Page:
Thanks!
 

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About a dozen 1988, 1989, 1990, and 1991 sedans, wagons, 4Matics and 1 coupe
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Most important thing:

Turn the wheels to the straight ahead position with the steering wheel centered before beginning the job. That way the allen head screw at the base of the column will be straight up and down for easy access.

Tie rods forks are great -- for destroying the grease boots on tapered joints. Get a claw type tie rod splitter for no-destruction-disassembly.

Grab the pitman arm and exercise your new box from one end of travel to the other several times. Check for smooth operation. And clean up all the fluid that has squirted out all over the place.

Center the replacement box as best you can by counting input shaft rotations and then diving by half. The input shaft flat should then be positioned to mate with the column shaft.

You may find that you don't need an alignment.

Clean the tapered pins and bores carefully to make sure that no gunk prevents a good fit between parts.
 

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STEERING BOX INFO

Adam, you don't need to pull any of the steering links from the Pitman Arm. Unbolt and pull the Pitman Arm for the steering gear output shaft at the steering box. Center the new box and slide on the Pitman arm. It should only go on one way, you'll see as it's indexed with a notch for the bolt. This is an R & R job, and has no bearing on the alignment. The steering couplers bolts tend to be tight. I would suggest having good 6mm allen wrench. You need to remove the allens with one good shot at loosening with a continuous motion. You''ll see what I mean when they snap as the loosen. If you ruin the inside of the allen screw head you'll be very unhappy, so get positioned so you can apply all the torque needed to break it loose in the first shot. When you install the new box, you'll have to get the steering coupler in the right position in order to to center the steering wheel. You'll know if it's off a tooth when you go down the road. At this point you can move the steering wheel a tooth, or re-do the coupler aligment. I prefer to do the coupler, but after the test drive she'll be hot. It's easier to mark the spline of the box you're R & R'ing with a center punch at the gap in the coupler. But in your case you are using a new steering box, so hopefully you'll get it aligned the first time. Hope this helps.....Thor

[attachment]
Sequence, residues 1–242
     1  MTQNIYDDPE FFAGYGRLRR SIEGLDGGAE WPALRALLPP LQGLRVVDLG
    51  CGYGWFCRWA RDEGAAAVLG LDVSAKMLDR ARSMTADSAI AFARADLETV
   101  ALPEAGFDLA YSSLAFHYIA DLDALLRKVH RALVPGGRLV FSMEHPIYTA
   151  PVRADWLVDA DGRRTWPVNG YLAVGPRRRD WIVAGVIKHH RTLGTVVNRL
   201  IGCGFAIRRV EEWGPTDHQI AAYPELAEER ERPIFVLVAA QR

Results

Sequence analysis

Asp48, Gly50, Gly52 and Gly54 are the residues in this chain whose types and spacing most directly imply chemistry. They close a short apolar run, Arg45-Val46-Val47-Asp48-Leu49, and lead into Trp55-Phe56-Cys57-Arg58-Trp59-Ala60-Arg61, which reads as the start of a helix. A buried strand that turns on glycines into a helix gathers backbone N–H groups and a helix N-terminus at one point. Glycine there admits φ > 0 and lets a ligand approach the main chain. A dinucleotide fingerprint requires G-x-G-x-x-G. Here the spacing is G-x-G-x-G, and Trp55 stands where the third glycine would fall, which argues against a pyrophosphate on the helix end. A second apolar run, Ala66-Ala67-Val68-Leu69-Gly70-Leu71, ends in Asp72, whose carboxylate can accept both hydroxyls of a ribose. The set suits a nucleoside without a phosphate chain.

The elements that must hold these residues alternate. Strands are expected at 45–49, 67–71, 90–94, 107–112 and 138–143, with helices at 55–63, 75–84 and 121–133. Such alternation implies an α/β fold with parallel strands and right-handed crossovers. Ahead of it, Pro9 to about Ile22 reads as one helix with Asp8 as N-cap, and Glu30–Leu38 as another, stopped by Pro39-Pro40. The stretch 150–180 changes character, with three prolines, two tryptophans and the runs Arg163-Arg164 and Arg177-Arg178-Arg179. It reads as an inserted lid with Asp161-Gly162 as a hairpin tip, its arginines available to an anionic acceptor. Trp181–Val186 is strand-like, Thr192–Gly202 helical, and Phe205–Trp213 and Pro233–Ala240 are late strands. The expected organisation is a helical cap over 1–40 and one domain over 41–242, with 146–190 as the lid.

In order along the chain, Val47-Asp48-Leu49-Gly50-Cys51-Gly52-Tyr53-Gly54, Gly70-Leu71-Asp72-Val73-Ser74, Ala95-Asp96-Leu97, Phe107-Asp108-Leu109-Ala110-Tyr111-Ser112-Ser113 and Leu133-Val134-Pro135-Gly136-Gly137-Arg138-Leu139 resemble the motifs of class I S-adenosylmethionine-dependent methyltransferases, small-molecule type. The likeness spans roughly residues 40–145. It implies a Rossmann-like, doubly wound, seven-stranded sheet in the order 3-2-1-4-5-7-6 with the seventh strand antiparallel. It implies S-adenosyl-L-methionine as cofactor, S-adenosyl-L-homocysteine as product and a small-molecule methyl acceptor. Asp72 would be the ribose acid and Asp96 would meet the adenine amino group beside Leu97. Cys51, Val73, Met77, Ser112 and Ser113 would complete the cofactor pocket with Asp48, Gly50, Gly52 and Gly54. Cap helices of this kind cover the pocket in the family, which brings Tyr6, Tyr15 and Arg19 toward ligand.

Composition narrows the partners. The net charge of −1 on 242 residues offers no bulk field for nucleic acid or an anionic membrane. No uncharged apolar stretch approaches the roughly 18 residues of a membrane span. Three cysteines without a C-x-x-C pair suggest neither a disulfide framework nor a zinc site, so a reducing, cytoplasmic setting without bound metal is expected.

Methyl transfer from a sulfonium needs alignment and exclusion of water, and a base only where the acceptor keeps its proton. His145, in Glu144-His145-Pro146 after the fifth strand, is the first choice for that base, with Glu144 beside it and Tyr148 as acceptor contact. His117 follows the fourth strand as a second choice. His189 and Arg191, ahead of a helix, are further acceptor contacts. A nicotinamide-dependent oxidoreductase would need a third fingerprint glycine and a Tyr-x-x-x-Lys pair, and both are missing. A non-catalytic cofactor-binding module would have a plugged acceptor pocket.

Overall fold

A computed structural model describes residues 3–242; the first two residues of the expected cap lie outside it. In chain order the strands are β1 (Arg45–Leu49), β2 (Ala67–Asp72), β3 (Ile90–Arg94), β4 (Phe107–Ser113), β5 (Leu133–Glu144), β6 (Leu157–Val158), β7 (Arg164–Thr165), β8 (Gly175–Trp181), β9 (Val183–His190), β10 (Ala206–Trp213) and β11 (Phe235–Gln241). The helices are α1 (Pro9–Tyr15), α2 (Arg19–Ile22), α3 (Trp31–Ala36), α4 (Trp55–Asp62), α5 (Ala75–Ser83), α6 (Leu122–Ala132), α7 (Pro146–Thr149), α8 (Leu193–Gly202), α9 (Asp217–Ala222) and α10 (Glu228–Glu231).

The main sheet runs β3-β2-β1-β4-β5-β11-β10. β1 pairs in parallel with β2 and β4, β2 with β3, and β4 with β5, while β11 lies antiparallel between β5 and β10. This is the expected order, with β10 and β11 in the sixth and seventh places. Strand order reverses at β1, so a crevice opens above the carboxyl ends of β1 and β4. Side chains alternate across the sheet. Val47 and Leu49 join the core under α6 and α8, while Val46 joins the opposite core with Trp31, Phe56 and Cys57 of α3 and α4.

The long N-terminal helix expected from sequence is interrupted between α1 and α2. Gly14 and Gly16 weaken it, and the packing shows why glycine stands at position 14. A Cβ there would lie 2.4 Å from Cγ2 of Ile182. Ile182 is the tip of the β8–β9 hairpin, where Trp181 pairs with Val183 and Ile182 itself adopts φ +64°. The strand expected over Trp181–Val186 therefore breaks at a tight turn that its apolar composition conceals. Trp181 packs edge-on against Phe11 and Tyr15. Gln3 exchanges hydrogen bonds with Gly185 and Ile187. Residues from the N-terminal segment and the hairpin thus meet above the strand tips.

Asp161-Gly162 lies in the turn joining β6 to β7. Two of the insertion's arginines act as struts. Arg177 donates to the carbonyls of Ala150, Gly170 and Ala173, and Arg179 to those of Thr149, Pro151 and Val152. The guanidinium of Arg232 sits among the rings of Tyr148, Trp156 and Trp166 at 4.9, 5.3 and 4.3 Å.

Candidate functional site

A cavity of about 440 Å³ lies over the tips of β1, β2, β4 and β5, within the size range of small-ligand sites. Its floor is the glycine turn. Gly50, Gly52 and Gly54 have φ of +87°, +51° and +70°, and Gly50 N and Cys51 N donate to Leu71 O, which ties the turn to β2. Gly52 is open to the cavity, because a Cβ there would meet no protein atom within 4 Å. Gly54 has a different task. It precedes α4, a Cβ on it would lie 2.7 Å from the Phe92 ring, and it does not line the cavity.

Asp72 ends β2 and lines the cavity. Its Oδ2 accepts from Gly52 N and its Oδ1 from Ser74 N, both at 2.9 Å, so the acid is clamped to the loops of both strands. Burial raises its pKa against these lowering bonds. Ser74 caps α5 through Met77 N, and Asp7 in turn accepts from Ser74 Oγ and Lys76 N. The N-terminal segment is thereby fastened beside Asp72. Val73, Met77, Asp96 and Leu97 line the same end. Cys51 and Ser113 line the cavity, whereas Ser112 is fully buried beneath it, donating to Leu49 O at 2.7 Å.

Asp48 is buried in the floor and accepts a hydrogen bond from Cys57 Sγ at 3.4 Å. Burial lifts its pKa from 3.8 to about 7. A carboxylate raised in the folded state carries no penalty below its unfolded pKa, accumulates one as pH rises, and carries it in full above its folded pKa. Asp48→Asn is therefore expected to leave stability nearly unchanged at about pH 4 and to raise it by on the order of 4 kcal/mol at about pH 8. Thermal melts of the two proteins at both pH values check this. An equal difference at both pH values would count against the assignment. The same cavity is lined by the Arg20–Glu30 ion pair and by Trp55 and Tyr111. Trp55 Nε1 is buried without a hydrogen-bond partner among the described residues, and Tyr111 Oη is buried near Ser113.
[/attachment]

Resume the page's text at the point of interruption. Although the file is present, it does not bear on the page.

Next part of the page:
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Discussion Starter #16
Recap

I got the steering gearbox replaced, and am grateful for all the advice from those on this forum. Looking back, a few things that I would recommend to anyone attempting this job.
1. Get the part at the Pull-it yard: This is a big money saver(40 dollars at the Yard, 400 online), but more important, if this is the first time you are doing this job, it is nice to pull the part of a car that is a goner, instead of off of your w124. The education of being able to figure out the easy and hard parts of the job, at the yard was worth the 40 bucks.
2. Get the right tools, the first time: The Allen wrench is a must. I got the kind that is attached to a socket. Made the job of removing the gear box much easier. Also the tie rod puller was essential. I used Advanced Auto Parts tool rental program, so I was out the money for a few hours, and it was all back after I was done. I used the fork tool on the junk car. This worked, but was a bit of a pain and destroyed the boot. I used the Puller style on my car, and it was MUCH easier and faster to use and did not damage the boots. The puller was more expensive, but when you get the money back in the end anyway, does it really matter?